The Federation of European Securities Exchanges (FESE) has teamed up with data vendors Thomson Reuters and Bloomberg to facilitate post-trade data consolidation by harmonising trade flags.
The latest initiative by the European exchanges trade body makes good one of three commitments made by its members in July 2010 to improve data quality and reduce the cost of consolidating the data for vendors and other firms. It will focus on establishing a common set of identifiers that can be used across domestic exchanges, multilateral trading facilities and over-the-counter (OTC) trades in Europe. FESE says that the exchanges involved in the initiative account for over 90% of European order book trading.
Given the requirements of different market participants in each country, the flags used to identify different types of trades in post-trade reports can vary widely among different European jurisdictions and make the consolidation of post-trade data challenging.
“Our standards will ensure easier consolidation of transparency of trading data and promote greater competition in the technical delivery solutions available for different needs for consolidated data,” said FESE president Hans-Ole Jochumsen. “Greater access to consolidated data will allow investors to perform transaction cost analysis and accurately calculate benchmarks so they can monitor best execution. Our goal is to unleash the competitive forces that will keep the costs of consolidation as low as possible, as we are decreasing the level of complexity of market data and hence the cost of consolidated data.”
FESE's other two commitments, which were completed in Q4 2010, required exchanges to unbundle their pre- and post-trade data feeds and offer 15-minute-delayed data for free to the public.
According to FESE, the unbundling of pre- and post-trade data by its members and the London Stock Exchange (LSE) has reduced the cost of creating a pan-European post-trade consolidated tape based on level one data by 59%, from €437.60 per month, to €181.20 per month.
FESE's plan comes after three proposals made by the European Commission (EC) in its recent MiFID consultation paper to create a consolidated tape, all of which would create approved publication arrangements (APAs), entities that are required to bring data up to common standards for consolidation. APAs would be responsible for data security, quality and dissemination, and would complement efforts to harmonise trade reports, according to the EC's consultation.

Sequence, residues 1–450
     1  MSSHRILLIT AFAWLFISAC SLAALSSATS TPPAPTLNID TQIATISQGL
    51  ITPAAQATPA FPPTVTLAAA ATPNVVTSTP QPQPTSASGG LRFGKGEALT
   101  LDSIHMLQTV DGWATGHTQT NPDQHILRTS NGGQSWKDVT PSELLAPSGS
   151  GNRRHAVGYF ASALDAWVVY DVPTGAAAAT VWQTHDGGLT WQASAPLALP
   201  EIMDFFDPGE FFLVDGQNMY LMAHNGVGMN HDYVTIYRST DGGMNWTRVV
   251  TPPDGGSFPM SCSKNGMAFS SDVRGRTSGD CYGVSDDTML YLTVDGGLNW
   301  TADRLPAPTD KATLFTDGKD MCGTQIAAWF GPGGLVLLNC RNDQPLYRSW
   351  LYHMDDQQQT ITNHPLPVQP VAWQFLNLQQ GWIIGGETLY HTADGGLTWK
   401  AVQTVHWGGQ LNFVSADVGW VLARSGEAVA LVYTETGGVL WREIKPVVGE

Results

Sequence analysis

One option – which is generally preferred among FESE's members – would require the EC to create the standards for creating a consolidated tape via APAs, before allowing multiple commercial solutions to emerge within a defined period of time. The others involve the selection of a single consolidator, either by a tender process or legal act. The EC is expected to make a decision on which of the options to implement in June this year.
A number of exchanges have sought new ways to charge for their data, such as for firms that use data to power algorithms or for price reference purposes. Some believe this is a ploy to recover lost income that has come as a result of increasing pressure on data revenues.
“Incumbent exchanges that derive revenues from selling data are having to grapple with the consequences of a consolidated tape and advances in technology that enable the delivery of data at almost no cost,” said Peter Randall, CEO of retail-focused market Equiduct. “As a result, they now ensure that they charge for their data in every way it is used.”
In January this year, the LSE introduced a new tariff for firms that use its data on a non-displayed basis, which captures firms that use data as part of automated calculations such as in smart order routing to facilitate algorithmic trading and for dark pools that use data for reference purposes. They also cover the use of real-time data to conduct risk management, quantitative analysis and portfolio management.
The charges are based on membership of the exchange and annual terminal spend.
Nasdaq OMX Nordic, which operates domestic exchanges in Sweden, Finland and Denmark, launched a similar tariff on 1 February, which charges a flat fee for real-time use of data for automated applications.
At the end of 2010, SIX Swiss Exchange also introduced a charge for dark pools that use its data for reference purposes.
But exchanges refute the claim that they are trying to squeeze extra revenue from data services in anticipation of lost revenues stemming from the consolidated tape.
“Our charges for non-displayed data usage are due to a shift in trading behaviour, specifically, the growth of algorithmic trading,” said Suzanne Dahl, head of European product management and strategy at Nasdaq OMX. “We are trying to create a level playing field between our traditional members who pay for data through displayed terminals, and high-frequency trading firms that previously did not pay us for their data use.”
The LSE added that its charges are part of an overall re-evaluation of the way it charges for data.
“The LSE non-display policy is not a broad policy to grow revenues, but recognises those participants who source high value from a very specific use of real-time feeds,” explained Jarod Hilman, head of real-time data at the LSE. “Our clients are broadly supportive of our policy as we have chosen to introduce it within an overall set of enterprise initiatives that gives clients the ability to also have a direct relationship with us, and net their display usage of LSE data, where it is derived from multiple vendors and sources.”
According to its latest annual report, the LSE derived 34% – or Â£216.6 million (€247.1 million) – of total revenue from information services in 2010, with Â£103.7 million (€118.3 million) coming from real-time data products.